Assessment for Inclusion: a tale of two papers
August 15, 2022
In this post we hear from CRADLE’s Professor Margaret Bearman who discusses two published papers on a similar topic – repositioning of assessment for inclusion – and highlights the issues of researchers and collaborators publishing on the same topic within close timeframes.
In September 2021, two rather different papers with two rather similar titles were submitted to the higher education literature, and then subsequently published:
- Nieminen, J. H. (2022). Assessment for Inclusion: rethinking inclusive assessment in higher education. Teaching in Higher Education, 1-19. https://doi.org/10.1080/13562517.2021.2021395
- Tai, J., Ajjawi, R., Bearman, M., Boud, D., Dawson, P., & Jorre de St Jorre, T. (2022). Assessment for inclusion: rethinking contemporary strategies in assessment design. Higher Education Research & Development, 1-15. https://doi.org/10.1080/07294360.2022.2057451
What these papers share is a repositioning of assessment for inclusion – but they do so in very different ways.
Nieminen (online first 2021) writes: “Assessment for Inclusion (AfI) refers to the purpose of assessment as fostering radical inclusion by acknowledging marginalised students (e.g. disabled students) as fully included and agentic members of higher education communities. AfI draws reflexively on both individual accommodations and inclusive assessment design. AfI is a critical and resistive approach to assessment: it recognises the prevalent socio-cultural,-historical and-political positioning of marginalised students in assessment and, if needed, explicitly disrupts such positioning by promoting student agency. AfI builds on a collective understanding of agency: it cannot be conducted for students but always with them.”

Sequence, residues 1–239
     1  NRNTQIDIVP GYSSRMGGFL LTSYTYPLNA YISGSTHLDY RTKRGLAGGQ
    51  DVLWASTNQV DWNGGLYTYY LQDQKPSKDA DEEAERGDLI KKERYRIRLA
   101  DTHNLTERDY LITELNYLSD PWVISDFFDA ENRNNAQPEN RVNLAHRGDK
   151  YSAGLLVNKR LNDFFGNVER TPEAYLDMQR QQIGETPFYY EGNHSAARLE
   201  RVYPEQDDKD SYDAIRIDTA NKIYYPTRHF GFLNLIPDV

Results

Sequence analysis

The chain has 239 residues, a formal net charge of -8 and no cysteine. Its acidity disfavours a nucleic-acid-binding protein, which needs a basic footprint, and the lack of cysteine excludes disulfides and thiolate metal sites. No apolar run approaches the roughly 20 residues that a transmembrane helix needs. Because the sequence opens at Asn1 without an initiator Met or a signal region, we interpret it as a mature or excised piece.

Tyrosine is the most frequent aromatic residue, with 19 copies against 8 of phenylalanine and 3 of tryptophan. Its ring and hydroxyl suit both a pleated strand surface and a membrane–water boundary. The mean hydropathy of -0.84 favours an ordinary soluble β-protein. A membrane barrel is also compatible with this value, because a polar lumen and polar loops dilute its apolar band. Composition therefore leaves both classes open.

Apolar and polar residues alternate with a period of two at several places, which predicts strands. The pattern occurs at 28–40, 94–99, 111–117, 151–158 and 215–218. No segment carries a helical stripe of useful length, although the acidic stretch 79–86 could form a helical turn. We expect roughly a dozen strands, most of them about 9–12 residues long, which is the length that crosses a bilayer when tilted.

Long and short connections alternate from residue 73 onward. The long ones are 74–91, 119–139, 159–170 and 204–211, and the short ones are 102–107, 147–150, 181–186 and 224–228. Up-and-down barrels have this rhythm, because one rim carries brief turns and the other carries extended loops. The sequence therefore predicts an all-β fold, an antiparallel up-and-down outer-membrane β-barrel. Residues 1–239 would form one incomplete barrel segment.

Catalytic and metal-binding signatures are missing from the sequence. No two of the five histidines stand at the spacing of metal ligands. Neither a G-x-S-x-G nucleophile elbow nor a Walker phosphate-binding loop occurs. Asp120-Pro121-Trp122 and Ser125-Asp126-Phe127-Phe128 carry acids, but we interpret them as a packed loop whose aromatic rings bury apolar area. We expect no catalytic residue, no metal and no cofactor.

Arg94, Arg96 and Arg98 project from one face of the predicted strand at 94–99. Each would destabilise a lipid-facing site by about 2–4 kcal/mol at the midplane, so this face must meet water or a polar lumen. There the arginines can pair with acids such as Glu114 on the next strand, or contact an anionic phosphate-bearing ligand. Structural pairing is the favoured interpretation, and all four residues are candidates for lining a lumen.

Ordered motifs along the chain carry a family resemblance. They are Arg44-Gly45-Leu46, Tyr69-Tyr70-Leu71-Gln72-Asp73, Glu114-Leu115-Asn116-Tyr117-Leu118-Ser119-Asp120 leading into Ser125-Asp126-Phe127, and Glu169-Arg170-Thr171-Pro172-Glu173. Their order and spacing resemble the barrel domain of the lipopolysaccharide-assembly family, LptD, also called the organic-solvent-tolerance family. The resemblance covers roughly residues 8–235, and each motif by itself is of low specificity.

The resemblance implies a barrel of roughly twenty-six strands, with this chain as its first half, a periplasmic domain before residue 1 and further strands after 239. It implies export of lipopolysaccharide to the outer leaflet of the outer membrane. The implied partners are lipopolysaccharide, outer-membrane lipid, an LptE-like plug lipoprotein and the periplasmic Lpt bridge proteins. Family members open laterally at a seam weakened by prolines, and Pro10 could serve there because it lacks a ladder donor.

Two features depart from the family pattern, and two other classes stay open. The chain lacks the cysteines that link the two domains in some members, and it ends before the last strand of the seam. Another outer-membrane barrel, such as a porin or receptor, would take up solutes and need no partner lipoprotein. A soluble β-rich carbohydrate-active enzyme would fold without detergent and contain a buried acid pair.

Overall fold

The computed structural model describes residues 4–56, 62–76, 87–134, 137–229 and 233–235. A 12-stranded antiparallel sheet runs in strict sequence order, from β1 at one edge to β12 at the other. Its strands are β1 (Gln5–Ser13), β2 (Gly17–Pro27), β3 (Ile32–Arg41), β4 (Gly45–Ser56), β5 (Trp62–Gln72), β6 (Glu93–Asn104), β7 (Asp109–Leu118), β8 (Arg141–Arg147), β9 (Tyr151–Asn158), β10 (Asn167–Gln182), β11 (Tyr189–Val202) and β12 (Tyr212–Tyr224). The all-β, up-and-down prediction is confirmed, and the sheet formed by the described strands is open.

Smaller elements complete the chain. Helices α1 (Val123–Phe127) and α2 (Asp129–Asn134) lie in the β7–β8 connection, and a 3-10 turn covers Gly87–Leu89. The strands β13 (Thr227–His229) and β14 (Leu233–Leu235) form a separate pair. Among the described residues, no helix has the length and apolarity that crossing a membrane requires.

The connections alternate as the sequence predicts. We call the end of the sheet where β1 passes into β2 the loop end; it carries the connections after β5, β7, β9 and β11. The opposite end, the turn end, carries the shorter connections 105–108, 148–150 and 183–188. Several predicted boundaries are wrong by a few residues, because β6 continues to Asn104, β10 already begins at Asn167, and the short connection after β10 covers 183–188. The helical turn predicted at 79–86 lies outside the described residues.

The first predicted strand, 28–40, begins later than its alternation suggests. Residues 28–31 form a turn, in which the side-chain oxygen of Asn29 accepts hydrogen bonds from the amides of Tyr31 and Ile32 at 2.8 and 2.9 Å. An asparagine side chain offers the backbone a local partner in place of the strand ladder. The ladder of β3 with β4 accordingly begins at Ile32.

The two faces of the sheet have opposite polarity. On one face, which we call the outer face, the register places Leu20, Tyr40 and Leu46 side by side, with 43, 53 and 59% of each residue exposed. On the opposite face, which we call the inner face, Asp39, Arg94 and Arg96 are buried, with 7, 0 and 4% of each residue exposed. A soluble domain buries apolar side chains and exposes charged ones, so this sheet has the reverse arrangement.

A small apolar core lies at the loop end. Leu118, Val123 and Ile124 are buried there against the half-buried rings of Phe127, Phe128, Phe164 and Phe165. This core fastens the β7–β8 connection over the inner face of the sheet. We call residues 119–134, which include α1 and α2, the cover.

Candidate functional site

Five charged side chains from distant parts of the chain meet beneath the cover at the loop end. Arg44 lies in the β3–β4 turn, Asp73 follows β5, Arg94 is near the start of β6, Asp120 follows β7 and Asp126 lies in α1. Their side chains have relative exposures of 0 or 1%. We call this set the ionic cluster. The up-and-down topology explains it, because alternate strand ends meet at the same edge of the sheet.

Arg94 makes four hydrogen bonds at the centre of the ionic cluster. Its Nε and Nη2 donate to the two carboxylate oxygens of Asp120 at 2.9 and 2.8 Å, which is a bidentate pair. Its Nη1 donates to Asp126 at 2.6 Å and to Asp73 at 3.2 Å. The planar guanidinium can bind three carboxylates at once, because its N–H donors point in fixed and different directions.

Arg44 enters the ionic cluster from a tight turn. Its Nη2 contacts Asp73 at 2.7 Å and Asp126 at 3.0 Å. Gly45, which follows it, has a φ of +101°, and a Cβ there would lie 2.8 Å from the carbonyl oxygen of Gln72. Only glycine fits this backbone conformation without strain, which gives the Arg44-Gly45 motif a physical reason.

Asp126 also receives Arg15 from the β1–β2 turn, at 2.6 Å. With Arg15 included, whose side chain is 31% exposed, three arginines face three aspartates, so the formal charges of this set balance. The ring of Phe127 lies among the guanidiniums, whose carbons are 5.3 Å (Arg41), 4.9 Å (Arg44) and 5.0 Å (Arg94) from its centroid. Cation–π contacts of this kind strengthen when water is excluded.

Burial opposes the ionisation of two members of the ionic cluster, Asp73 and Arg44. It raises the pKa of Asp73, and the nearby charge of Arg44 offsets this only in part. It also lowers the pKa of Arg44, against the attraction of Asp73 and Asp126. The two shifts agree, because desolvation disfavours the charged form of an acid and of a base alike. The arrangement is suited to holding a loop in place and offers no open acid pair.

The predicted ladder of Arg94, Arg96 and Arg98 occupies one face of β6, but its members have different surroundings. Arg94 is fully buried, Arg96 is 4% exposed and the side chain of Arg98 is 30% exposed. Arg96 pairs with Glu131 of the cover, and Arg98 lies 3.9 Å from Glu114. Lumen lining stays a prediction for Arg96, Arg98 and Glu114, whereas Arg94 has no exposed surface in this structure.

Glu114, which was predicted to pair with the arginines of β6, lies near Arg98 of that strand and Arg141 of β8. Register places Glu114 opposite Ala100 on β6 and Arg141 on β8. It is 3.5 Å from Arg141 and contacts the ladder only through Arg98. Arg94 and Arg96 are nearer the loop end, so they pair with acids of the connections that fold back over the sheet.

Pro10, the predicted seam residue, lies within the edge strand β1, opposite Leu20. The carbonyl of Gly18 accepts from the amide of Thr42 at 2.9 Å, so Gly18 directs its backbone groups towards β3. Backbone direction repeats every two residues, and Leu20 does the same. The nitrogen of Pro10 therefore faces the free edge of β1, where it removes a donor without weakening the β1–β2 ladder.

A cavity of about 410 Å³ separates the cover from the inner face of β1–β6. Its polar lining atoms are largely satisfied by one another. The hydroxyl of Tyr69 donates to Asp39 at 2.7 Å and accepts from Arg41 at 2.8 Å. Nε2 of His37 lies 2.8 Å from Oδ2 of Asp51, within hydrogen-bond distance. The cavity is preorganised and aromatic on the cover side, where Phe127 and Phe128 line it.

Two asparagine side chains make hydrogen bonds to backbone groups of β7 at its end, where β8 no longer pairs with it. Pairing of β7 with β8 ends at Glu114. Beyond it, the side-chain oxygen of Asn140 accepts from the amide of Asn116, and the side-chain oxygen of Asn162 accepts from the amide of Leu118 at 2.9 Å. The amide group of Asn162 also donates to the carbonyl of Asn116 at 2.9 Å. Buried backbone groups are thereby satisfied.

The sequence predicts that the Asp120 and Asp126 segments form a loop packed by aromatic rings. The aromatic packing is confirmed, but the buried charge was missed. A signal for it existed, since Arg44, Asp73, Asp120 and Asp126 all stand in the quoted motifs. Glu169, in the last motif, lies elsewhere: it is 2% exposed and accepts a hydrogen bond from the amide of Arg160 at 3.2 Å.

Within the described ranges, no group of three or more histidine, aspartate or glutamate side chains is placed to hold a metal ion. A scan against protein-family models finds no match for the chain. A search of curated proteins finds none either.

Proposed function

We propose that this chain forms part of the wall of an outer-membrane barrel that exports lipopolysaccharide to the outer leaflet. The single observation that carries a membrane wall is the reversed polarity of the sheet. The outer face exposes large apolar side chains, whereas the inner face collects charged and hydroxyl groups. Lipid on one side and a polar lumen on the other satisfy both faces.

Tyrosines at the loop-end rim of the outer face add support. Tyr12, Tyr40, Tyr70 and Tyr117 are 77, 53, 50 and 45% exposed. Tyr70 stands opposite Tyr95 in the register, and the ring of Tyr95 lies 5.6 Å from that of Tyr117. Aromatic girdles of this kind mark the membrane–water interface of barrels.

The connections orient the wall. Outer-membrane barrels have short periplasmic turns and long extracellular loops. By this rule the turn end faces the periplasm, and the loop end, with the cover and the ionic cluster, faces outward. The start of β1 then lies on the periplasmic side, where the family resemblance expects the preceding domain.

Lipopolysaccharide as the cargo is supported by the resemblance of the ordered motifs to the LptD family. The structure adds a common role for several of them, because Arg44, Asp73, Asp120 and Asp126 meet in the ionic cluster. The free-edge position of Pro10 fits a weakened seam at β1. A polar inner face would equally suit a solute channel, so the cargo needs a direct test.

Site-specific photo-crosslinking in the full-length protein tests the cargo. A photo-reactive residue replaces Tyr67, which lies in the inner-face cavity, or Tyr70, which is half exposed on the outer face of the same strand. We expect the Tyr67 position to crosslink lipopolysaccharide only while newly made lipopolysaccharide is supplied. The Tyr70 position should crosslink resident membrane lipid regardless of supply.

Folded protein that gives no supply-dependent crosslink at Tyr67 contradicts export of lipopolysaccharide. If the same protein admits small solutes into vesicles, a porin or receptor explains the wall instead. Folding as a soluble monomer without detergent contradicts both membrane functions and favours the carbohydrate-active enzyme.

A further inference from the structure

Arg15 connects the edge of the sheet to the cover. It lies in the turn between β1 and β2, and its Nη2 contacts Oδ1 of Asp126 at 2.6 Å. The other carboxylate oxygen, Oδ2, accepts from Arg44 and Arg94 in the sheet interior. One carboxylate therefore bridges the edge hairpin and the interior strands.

Tai et al (online first 2022) write: “Drawing on the general philosophy of assessment for social justice, and noting the importance of outcomes, we suggest ‘assessment for inclusion’ captures the spirit and intention that a diverse range of students and their strengths and capabilities should be accounted for, when designing assessment of and for learning, towards the aim of accounting for and promoting diversity in society. In introducing this new term, we hope to better negotiate praxis: that is, joining together theory and practice, to act as a lever to achieve change in assessment but also through assessment. The overall aim is still to achieve assessment for social justice through focusing on assessment design, since design needs to consider not only the immediate task but the wider course and institutional context (Dawson et al., 2013).
So how did this come about? While the Nieminen paper was clearly published first, the close timeframes might have people asking questions. Indeed when Juuso and I had a quick chat about this – (face to face at the EARLI SIG 1 & SIG4 joint conference in Cadiz!) – he expressed disquiet. And I too felt discomforted.